He did more than merely handle. Through over 40 years of probing, analyzing, observing and writing in quantities that left colleagues astonished, Prof. OXTOBY bequeathed a legacy of scholarship that's been described as passionate and exuberant. From Anabaptism to Zoroastrianism, he dove headlong into all the world's major and minor religious traditions and had the ability, so often demonstrated, of connecting the dots between them.
"His command of detail was amazing," eulogized his former student, Alan SEGAL, who now teaches Jewish studies at Barnard College in New York, "all with specific knowledge of how it made religions fit together and help explain what religion was all about."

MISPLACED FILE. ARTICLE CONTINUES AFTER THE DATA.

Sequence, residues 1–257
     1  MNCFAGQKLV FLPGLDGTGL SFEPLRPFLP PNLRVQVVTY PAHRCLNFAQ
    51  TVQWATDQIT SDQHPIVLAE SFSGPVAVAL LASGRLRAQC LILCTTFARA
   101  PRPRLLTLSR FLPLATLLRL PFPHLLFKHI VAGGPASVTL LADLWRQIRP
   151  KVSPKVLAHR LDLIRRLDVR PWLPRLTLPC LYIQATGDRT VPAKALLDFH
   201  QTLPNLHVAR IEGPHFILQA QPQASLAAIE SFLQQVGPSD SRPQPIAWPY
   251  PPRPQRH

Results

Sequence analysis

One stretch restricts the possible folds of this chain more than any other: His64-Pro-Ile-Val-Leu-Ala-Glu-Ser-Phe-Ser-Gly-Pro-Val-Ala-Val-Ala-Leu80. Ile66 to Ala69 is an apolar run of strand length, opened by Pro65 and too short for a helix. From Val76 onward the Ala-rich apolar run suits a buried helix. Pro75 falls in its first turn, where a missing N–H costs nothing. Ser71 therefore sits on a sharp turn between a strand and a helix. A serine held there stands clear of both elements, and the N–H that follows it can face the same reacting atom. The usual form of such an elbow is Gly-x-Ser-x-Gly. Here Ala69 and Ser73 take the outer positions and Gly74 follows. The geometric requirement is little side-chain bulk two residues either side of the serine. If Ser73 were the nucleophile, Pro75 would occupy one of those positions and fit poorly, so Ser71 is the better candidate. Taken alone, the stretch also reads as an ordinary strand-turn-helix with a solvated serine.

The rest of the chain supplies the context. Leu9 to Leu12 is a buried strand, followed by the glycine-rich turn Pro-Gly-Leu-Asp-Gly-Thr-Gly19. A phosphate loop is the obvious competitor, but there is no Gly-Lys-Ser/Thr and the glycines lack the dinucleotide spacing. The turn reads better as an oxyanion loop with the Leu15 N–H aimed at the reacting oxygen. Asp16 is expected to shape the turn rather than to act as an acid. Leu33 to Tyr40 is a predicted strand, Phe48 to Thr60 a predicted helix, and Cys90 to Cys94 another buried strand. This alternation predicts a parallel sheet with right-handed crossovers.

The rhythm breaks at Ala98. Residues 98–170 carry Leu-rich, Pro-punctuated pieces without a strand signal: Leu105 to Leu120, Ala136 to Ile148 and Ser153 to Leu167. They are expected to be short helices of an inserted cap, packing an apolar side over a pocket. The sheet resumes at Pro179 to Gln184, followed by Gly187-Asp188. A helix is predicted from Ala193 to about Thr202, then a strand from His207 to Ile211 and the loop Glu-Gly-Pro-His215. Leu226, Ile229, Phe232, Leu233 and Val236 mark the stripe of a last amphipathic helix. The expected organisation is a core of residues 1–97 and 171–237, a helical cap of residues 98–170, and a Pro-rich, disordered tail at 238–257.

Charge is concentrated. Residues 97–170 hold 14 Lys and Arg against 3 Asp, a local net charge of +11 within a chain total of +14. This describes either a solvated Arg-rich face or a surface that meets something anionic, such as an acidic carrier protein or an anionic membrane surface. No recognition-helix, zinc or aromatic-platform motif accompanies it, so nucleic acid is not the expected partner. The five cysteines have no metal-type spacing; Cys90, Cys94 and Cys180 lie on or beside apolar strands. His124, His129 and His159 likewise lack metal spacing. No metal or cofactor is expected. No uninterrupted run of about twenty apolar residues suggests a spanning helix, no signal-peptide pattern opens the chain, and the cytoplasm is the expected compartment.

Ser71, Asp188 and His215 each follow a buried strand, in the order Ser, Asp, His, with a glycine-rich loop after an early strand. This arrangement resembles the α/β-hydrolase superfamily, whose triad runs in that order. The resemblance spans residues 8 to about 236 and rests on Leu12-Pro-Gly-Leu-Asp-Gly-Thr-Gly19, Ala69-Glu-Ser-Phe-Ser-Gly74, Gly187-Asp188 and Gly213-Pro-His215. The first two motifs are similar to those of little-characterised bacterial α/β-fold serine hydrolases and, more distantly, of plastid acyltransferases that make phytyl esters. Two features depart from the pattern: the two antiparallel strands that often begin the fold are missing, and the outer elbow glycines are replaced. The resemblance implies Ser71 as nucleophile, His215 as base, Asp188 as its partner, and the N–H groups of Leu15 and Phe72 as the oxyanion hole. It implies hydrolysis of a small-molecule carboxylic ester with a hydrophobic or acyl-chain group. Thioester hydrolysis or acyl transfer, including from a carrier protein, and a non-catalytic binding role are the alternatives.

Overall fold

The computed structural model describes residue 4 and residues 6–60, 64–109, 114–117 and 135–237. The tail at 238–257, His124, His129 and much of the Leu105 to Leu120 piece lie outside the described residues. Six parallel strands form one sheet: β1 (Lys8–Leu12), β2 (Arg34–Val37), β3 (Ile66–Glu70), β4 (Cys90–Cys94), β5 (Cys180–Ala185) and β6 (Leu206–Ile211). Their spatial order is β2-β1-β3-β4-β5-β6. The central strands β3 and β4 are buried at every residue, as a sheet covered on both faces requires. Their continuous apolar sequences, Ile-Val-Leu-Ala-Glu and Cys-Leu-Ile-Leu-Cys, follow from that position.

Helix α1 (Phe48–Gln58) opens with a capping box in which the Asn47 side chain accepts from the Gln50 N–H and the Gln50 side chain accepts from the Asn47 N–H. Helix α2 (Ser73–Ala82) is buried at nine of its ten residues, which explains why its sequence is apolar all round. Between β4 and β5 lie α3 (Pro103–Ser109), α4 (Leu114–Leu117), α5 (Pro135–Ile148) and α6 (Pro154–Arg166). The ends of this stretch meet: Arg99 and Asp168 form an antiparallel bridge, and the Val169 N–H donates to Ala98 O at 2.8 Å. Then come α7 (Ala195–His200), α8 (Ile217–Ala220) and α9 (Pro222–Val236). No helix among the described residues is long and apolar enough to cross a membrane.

A fixture at the University of Toronto's religion department for 28 years, Prof. OXTOBY was a vocal proponent of interfaith dialogue, believing, as his friend, the Swiss Catholic renegade Hans KUNG, that there will be no peace on the planet until there is peace among its inhabitants' religions. In the specific case of Islam, he called for the need to understand the faith's diversity: "Lumping people of any group together, as if they're all alike, is one basic strategy of prejudice."
Prof. OXTOBY knew his share of grief -- he was twice married and twice widowed -- but he never lost his own footing. "He was optimistic and curious about everything until his final day, " said his son David, an executive with Ontario Power Generation Inc.